- Written by Michael Jude Galvin
- Published on 20 May 2013
Introduction to the Audiolab M-DAC Digital-to-Analog Converter
As the compact disc continues its rapid spin into obsolescence, the digital to analogue converter (DAC) has stepped up to become an pretty much indispensible part of any serious home audio system. And these days, there is no shortage of quality DACs in almost every price range. At around $1000, the market is particularly crowded, featuring highly-regarded models from Rega, Wyred 4 Sound, Benchmark, and Peachtree. DACs can offer serious value for money because unlike a CD player, they hold the possibility of improving the sound of all digital sources, including CD, DVD, MP3 and other digital audio files, Apple TV, and even video games, all with a single component and some digital cables. This is, of course, a double-edged sword—because a DAC's footprint in a system can be so large, any flaws become a sonic signature of the system.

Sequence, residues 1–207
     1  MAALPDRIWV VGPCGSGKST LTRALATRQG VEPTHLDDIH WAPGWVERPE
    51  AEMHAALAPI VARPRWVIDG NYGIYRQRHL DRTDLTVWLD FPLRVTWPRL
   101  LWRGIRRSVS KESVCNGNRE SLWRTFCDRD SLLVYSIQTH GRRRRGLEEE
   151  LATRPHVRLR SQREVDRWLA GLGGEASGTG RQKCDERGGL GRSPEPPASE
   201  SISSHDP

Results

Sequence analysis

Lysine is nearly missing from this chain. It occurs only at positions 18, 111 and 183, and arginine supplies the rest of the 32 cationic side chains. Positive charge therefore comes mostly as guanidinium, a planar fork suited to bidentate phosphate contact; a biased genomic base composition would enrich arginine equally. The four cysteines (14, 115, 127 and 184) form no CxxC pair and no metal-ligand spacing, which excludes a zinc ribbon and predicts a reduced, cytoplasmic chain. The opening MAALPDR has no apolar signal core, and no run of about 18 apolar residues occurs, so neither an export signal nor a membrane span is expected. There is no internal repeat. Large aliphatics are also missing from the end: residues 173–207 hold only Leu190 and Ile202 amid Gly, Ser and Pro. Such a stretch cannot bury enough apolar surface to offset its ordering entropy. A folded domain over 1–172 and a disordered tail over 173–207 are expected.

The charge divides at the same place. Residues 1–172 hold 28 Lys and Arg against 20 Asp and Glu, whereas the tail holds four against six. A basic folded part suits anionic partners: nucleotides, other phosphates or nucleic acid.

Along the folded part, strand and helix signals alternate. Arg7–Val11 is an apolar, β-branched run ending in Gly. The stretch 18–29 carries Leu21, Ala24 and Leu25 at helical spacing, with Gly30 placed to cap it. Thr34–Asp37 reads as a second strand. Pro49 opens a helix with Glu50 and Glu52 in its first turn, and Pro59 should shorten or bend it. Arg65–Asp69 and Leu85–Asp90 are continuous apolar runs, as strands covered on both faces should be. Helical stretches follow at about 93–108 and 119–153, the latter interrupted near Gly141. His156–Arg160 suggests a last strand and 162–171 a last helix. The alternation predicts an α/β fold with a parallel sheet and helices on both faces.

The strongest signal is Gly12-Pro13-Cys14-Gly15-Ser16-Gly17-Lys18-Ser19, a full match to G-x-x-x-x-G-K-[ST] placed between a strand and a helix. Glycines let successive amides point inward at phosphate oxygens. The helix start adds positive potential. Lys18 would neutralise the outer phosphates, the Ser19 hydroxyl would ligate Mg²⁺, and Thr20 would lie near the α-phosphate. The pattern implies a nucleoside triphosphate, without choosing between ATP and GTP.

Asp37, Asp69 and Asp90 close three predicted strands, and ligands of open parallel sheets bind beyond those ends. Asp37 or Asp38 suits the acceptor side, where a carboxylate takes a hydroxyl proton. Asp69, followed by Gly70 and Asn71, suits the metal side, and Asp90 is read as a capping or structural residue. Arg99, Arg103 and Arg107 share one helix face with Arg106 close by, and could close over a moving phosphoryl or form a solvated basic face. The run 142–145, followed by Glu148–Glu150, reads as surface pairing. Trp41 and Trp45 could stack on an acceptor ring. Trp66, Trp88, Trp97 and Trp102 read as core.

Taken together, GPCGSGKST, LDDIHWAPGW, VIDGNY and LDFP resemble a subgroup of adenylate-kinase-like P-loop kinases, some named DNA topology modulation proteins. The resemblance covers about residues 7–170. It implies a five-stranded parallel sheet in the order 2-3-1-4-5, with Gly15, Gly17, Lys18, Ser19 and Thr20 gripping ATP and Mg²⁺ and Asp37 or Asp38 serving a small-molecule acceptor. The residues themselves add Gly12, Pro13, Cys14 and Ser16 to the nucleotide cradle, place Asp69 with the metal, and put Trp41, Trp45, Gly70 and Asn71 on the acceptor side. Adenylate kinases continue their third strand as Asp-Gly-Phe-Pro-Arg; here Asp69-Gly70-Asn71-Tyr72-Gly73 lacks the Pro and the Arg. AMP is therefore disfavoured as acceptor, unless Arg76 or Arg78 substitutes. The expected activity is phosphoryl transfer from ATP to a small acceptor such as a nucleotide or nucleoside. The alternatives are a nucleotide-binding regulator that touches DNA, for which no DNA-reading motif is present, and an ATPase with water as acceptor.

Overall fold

On its website, respected British manufacturer Audiolab proclaims the M-DAC is the follow-up to the 8000 DAC, introduced all the way back in 1992. I have gathered that DACs were quite popular in that era because CD players had not become all that good yet. With the market now awash in quality DACs, I guess it is safe to say we are in a DAC renaissance.
AUDIOLAB M-DAC DIGITAL-TO-ANALOG CONVERTER SPECIFICATIONS